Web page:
Anwar Hossain, 74, cannot think of retiring anytime soon as stopping working will mean the fall of the curtain on his long and distinguished career.
The chairman of Anwar Group of Industries, the country's one of the best-known conglomerates, said the goal of his early life of creating as many jobs for his countrymen as possible has not changed at all.
Today, the company has business interests in areas such as garments, textiles, crockery, spinning, tins, cement, jute and jute products, sweater, plastic, tea, automobiles, education, and real estate -- employing more than 14,000 people.
"I always wanted to create jobs for my countrymen. I am not happy with 14,000 workers. I want to make it 25,000," he said.
Although he now employs thousands of people, he learnt the basics of the business from a friend of his elder brother, working for him for around six months.
Anwar used to divide his time between Islamia High School and the family businesses. He attended school up to 1pm. From midday he concentrated on the business at Chawkbazar, where he also used to have his lunch and take private tuition in the evening.
It took only five years for Anwar to understand the nitty-gritty of the business. "I always thought how I can better the business. I was a child but I worked better than an adult."
In 1953, he started garments business -- Anwar Cloth Store -- in Chawkbazar.
In 1956, he set up Sunshine Cable and Rubber Industry, the first Bengali-controlled industry in Pakistan.
Later he quit the business leaving it in the hands of his uncle and brothers.
He did a good business and earned a lot of money until 1958, when General Ayub Khan declared martial law. Anwar made a declaration of his wealth and opened an income tax file. He was only about 20 years old at that time, which raised eyebrows from many.
He also took help from a visually challenged person, Mohammad Hafiz, one of the top businessmen at that time. Hafiz had jute and textile mills in both West and East Pakistan.
Anwar used to buy yarn from his factory and sell those in Narayanganj and other places.
By the time he met Hafiz, Anwar had nine shops. Hafiz asked him to set up a factory instead of relying on shops.
Anwar bought a power loom and many other associated machinery from the East Pakistan Small Industries Corporation, which is now Bangladesh Small and Cottage Industries Corporation. In 1966, he set up a factory, Anwar Silk Mills, in Tongi to make banarasi saris.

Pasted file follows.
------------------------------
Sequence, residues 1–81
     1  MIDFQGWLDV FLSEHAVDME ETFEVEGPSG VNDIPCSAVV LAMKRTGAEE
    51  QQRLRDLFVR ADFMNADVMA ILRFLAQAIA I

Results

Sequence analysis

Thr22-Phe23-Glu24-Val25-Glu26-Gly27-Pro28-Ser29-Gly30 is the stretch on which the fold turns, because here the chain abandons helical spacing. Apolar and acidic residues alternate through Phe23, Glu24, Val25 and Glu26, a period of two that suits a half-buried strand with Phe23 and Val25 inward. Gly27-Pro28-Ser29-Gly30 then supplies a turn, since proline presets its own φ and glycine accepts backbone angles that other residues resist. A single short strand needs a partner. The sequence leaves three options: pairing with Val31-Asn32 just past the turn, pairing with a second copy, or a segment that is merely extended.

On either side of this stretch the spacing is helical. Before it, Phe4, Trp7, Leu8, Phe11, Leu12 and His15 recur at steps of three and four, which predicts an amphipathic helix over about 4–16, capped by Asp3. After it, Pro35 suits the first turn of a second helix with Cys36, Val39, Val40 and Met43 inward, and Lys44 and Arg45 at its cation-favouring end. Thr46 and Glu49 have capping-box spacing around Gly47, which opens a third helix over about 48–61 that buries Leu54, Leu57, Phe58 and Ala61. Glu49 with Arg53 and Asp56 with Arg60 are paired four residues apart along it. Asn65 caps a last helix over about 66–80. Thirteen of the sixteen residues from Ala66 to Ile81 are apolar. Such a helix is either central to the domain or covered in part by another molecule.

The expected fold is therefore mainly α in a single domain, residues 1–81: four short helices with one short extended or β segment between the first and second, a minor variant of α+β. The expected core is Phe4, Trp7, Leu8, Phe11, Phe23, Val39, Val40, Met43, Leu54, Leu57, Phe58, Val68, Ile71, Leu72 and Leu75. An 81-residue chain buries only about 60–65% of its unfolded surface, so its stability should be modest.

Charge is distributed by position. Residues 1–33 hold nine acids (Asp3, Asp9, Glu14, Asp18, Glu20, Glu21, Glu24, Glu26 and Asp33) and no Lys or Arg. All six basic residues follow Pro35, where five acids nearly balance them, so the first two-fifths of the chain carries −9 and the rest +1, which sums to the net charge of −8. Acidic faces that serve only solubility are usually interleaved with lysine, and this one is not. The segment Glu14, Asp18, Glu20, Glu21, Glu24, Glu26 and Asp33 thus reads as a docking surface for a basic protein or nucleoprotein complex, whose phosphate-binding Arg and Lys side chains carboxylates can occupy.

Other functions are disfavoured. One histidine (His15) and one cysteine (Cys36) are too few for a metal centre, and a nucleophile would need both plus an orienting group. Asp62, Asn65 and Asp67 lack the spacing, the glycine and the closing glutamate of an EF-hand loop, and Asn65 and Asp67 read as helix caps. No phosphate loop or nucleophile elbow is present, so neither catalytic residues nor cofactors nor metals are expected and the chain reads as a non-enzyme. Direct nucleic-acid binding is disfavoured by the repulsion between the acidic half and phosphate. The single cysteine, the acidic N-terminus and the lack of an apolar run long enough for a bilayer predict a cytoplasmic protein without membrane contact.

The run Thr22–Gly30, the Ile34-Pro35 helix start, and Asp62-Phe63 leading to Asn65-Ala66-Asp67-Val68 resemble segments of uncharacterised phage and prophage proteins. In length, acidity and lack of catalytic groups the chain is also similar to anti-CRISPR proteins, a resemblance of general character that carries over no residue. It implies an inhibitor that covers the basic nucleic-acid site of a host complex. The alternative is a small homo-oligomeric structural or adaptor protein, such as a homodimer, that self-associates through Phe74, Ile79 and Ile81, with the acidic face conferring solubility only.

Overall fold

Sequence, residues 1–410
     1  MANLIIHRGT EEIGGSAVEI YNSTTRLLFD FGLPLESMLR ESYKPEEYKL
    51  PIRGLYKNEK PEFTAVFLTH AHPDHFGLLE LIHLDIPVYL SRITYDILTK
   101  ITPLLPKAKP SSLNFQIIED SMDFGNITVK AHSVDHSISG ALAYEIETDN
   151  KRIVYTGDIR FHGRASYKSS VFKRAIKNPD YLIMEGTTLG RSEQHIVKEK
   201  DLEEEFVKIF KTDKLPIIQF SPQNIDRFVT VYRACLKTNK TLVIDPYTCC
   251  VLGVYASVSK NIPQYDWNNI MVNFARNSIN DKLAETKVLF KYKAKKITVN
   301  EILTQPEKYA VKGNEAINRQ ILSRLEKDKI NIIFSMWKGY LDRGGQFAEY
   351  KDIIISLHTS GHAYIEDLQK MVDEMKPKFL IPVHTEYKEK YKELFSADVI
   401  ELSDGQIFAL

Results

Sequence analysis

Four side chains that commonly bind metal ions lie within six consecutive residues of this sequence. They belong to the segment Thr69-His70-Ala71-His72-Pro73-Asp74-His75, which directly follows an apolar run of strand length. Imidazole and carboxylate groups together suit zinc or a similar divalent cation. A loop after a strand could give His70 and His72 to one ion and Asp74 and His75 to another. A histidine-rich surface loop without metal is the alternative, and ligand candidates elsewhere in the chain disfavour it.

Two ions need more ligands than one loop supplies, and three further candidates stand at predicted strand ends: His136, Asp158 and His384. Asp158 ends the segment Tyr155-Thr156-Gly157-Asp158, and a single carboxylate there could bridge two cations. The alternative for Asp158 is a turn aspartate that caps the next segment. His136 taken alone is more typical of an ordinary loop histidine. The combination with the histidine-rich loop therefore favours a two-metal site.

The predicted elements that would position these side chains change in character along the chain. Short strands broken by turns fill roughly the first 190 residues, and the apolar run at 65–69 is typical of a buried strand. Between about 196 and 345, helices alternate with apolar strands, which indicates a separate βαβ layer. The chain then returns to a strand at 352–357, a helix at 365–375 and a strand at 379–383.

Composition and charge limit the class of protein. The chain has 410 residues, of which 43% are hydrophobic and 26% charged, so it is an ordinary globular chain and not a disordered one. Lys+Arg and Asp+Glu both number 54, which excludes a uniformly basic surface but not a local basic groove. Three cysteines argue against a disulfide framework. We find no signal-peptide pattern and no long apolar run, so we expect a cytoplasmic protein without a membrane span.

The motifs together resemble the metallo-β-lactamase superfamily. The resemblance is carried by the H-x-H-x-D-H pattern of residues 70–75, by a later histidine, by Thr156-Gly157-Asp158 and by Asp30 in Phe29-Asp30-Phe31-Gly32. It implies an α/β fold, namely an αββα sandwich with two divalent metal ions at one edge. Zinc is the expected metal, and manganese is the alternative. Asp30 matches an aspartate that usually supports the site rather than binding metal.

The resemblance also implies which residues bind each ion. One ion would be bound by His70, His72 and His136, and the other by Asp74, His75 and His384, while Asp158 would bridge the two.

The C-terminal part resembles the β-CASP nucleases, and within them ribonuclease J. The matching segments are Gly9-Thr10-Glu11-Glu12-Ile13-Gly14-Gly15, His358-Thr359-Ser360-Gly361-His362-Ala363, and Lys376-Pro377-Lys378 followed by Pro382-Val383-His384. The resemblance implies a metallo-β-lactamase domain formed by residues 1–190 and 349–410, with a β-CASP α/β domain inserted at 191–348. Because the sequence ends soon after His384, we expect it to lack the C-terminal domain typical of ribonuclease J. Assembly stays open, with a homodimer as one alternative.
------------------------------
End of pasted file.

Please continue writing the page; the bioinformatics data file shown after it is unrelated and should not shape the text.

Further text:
He produced "Mala Sari" which was an instant hit. Since then, he never looked back. A number of other companies added to his name.
Later he bought machines to manufacture cutlery spoon and crockery from enamel at Monowar Industries Private Ltd in Tejgaon, his first venture in the independent Bangladesh.
"I worked day and night since 1962," he said.
Anwar initiated the process to set up the country's first private bank. He along with a group of businesspeople from Dhaka Chamber of Commerce and Industry and the Federation of Bangladesh Chambers of Commerce and Industry was able to convince the then government in 1978 that the country needs private banks.
A former director of the DCCI, Anwar later set up The City Bank Ltd and City Insurance Ltd.
Anwar, who won a parliamentary seat in the 1988 polls as an independent candidate, said he is happy as he has been able to prepare his three sons to run the Group. Responsibilities have been equally distributed among them.
He still attends office at Baitul Hossain in Motijheel, the headquarters of the Group, until 5pm and visits factories later. He regularly talks with workers to know how they are doing.
The Group spends generously as part of its corporate social responsibility. It has set up eye hospital, maternity centre, daycare centre for 250 children, orphanage, madrasas, primary schools and high schools.
The Group finances about 95 charities. Anwar now plans to set up a diabetes hospital in his locality, as there is no such facility in Old Dhaka.
Anwar thanked his mother and his wife for standing beside him all the time. Written by Md Fazlur Rahman